SAPPHO'S LEAP: A Novel by Erica Jong (Norton), 315 pages. $37.50 cloth. Rating: N Rating: N
I think of Erica Jong as the American sister to Canada's Sylvia Fraser. Both identified as female-positive in the 70s and wrote early novels that brashly challenged female sexual norms. But where Fraser has moved on to deep personal discovery (My Father's House is one of the best books ever written on incest, and lately she's been exploring other cultures and ancient healing arts), Jong appears to have settled into a too comfortable midlife.
Sappho's Leap is ostensibly a historical novel about the great Greek poet. But it's really all about Erica - how she feels about men, sex and children, all crammed into a fictionalized biography.
To be fair, Jong has read Sappho's work in the original Greek, has translated some of the poetry and scatters faux poems through the narrative. Plainly, she was inspired by the lesbian icon.
And what's not to get excited about? Sappho was a brilliant writer, a charismatic teacher and a huge influence on a generation of young women in her time and again in the context of 20th-century feminism.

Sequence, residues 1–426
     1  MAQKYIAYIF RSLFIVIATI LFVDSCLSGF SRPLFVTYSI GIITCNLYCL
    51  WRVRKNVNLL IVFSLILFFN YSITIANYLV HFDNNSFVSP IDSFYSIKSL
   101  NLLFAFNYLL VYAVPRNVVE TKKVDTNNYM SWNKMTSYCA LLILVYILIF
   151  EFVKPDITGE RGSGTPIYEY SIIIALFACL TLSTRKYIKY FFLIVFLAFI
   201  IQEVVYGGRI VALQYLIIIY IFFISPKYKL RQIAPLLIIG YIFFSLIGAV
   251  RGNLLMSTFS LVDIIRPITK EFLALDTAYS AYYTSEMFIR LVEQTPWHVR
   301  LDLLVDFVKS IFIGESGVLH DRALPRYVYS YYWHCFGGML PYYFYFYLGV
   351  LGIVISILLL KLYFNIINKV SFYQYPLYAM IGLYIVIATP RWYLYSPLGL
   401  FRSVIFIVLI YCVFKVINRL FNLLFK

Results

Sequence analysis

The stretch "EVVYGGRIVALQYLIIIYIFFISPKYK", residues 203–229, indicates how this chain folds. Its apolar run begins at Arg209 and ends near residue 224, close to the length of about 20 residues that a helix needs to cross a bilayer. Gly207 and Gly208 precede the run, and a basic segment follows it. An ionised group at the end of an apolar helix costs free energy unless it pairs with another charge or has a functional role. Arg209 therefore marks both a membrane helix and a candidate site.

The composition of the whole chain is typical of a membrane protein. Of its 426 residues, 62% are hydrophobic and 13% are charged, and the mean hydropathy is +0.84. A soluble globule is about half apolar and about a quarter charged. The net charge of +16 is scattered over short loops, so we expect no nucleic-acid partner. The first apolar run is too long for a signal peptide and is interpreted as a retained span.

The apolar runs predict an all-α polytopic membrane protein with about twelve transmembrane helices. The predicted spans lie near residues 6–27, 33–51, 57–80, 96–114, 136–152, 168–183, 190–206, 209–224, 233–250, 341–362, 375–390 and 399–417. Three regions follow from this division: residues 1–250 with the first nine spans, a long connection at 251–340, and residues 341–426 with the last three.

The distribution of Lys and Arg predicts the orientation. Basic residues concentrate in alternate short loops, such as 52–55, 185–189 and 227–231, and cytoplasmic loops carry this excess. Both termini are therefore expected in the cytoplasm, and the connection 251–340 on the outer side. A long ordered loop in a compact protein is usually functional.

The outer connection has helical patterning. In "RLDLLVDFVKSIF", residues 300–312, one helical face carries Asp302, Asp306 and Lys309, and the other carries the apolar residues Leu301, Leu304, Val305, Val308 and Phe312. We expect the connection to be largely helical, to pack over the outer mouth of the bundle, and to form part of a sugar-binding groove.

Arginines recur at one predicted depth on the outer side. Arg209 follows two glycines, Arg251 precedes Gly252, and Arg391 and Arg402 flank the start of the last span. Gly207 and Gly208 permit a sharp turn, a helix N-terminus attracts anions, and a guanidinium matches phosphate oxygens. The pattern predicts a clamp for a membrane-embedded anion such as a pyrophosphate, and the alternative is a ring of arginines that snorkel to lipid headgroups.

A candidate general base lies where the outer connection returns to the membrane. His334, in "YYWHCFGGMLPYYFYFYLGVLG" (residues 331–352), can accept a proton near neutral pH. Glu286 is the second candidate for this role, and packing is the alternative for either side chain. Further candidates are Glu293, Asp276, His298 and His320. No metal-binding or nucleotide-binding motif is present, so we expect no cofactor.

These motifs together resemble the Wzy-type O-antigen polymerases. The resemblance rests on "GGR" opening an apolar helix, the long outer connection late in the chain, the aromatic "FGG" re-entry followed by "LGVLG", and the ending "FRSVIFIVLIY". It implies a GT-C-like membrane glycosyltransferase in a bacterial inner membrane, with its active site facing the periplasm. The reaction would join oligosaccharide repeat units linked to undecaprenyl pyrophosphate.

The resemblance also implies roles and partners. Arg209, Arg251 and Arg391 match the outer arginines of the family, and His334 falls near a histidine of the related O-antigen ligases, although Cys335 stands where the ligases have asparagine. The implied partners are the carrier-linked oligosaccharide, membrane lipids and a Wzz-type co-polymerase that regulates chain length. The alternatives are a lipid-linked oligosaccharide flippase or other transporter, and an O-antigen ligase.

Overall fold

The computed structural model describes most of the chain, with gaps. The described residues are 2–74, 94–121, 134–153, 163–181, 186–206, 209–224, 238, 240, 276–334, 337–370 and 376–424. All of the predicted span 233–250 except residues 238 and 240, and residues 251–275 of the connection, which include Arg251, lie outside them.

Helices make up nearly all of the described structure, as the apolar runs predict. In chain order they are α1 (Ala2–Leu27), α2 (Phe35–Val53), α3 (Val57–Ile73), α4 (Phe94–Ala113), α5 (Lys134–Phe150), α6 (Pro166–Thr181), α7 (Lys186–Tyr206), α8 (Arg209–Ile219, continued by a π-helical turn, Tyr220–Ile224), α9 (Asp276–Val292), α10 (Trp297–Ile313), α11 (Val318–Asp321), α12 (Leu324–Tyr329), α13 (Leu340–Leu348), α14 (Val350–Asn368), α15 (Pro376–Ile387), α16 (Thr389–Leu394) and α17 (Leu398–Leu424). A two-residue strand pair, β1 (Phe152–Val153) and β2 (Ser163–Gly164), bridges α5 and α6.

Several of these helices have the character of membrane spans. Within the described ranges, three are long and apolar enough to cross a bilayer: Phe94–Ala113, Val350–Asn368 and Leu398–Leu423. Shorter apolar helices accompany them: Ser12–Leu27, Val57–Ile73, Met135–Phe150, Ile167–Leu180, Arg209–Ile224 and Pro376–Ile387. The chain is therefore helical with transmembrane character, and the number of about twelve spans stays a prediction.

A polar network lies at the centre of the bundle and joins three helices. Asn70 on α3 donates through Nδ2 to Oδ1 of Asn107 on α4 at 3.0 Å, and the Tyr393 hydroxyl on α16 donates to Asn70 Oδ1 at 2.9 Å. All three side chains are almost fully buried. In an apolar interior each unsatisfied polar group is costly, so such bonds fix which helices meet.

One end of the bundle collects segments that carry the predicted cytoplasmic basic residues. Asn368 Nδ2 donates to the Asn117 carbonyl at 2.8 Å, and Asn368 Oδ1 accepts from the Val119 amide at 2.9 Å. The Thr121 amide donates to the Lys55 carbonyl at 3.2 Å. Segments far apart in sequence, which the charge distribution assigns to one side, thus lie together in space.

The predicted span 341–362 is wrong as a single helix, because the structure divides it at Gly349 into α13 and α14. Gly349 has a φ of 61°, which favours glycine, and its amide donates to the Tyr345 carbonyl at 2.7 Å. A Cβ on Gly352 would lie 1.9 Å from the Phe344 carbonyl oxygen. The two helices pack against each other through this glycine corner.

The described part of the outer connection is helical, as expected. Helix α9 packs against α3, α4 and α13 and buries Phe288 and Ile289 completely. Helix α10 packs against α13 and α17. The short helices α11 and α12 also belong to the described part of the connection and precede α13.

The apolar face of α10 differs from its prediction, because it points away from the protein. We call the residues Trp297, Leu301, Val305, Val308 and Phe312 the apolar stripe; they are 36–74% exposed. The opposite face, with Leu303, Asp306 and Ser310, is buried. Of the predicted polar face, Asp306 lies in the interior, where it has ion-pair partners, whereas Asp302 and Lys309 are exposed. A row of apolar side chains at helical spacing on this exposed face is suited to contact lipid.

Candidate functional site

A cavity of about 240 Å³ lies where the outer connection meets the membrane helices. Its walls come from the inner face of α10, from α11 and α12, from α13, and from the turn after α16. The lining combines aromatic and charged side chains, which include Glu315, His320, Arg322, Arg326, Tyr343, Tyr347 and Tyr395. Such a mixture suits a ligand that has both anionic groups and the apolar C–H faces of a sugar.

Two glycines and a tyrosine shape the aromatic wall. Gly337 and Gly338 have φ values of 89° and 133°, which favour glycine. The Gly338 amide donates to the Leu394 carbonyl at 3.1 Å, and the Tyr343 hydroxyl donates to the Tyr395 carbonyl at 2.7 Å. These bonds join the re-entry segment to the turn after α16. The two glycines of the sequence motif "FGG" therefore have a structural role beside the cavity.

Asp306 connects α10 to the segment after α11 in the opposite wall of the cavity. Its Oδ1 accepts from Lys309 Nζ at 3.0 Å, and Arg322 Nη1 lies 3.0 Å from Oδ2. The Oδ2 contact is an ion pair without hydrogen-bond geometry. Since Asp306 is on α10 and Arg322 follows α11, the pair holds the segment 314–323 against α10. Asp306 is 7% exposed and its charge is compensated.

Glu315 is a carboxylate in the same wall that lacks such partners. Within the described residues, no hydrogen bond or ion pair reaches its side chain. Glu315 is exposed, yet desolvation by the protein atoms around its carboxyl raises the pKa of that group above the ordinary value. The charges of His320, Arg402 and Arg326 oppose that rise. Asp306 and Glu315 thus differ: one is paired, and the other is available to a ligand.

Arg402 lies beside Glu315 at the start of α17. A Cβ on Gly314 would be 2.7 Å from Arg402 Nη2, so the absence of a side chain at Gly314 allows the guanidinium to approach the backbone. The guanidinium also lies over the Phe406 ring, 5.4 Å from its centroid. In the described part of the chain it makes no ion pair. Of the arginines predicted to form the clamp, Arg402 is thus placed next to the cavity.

She was exiled from Lesbos early in her life and spent her years away from the island yearning for her first love, the poet Alcaeus, and for the daughter taken away from her by her own mother.
She was already celebrated as an unparalleled singer and poet, and while she travelled and plotted, her reputation continued to grow, so that when she returned to claim her due she was not only able to be reunited with her daughter but also to reap the rock-star benefits of her fame.
Someone could interpret Jong's version as an attempt to claim Sappho as a heterosexual so highly sexed that she'd even get it on with women. But give up. That's not supported by the texts, which, thanks to the benefits of an inflected language, make the gender of Sappho's love objects very clear.
All that wouldn't matter if the writing were strong. But practically every name or place reference in the book has a subordinate clause giving basic information about it, as if to say "Look what I learned!"
The whole thing reads as if it was written by someone who just took her first course on ancient Greek civilization.